Friday, March 25, 2005

List Poem (#2)

After the Egyptians determined the shape of the world is a circle:
Black lightning.

Beyond life sentences:
Ecstatic mutations.

My romance?
Reproductions of the empty flagpole.

Menage a trois with the 21st century:
"I take thee, English, for my beloved."

The estrus gaze(s).


This is only the 2nd "list poem" I've ever written. Its underlying inspiration is a Vizpo (visual poetry) poem sculpture by Nick Carbo. Nick and I are sending poem-sculptures back and forth, and he had sent a vizpo comprised of images and texts on transparencies linked together by metal binders. It's a format to which I thought to respond by (just as Nick had linked together transparencies) linking together the covers of my previous poetry collections -- each line in the poem is a title of a previous poetry book.

Marvelous synchronicity that when I string together the titles, it works -- in my opinion -- as an "abstract poem" because of (I feel) the underlying music. Can you hear/sense that music?

My first list poem -- entitled "Untitled (Bookstore), 2000" is featured in my 2005 book, I TAKE THEE, ENGLISH, FOR MY BELOVED. It was first published in Moria Poetry, and can be seen here at this link. As the title implies, each line also consists of a book title which I notated from scanning a bookstore's shelves. Again, I thought the way the lines/titles collaged together became rhythmical/musical. All this IMHO.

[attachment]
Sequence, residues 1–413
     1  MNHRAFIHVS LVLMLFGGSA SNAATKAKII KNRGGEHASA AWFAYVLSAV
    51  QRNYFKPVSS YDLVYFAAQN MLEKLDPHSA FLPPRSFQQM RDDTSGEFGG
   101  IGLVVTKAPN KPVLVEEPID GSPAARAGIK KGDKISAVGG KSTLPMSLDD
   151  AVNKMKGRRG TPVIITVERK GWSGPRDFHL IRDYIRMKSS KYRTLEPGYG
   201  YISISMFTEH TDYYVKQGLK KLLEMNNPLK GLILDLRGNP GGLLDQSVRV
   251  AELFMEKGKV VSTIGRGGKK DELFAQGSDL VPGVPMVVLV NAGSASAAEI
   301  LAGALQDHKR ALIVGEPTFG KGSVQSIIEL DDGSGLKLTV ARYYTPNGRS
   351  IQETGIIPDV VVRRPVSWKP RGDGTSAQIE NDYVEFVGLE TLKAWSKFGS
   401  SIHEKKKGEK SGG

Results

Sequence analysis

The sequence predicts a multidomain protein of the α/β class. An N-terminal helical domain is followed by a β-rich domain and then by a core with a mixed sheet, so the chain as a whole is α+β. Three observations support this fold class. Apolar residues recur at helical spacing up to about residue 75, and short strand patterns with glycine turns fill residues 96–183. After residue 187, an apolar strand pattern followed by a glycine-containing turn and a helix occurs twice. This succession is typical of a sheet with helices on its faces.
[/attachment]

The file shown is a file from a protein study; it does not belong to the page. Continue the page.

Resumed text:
Wednesday, March 23, 2005

My poem?
Your call.


Mayhap above is better version than its earlier draft in prior post...

Friday, March 18, 2005

My poem?
Up to you!


Note on Current Process:
Nowadays, my poems seem to come in spurts. I'm okay with that. I now prefer them to incubate inside rather than incubate on paper (poor trees!) with me editing and re-editing and revising and blah blah....If the poem really needs to surface, it will. I just need to have Faith in that process. This couplet surfaced in the rain, while I was dashing late for a dentist appointment -- which is to say I was distracted with other matters but the poem forced its way up.
Like a purple violet cracking the sidewalk to herald Spring. As cheeky and cheerful ... and loving ... as that.

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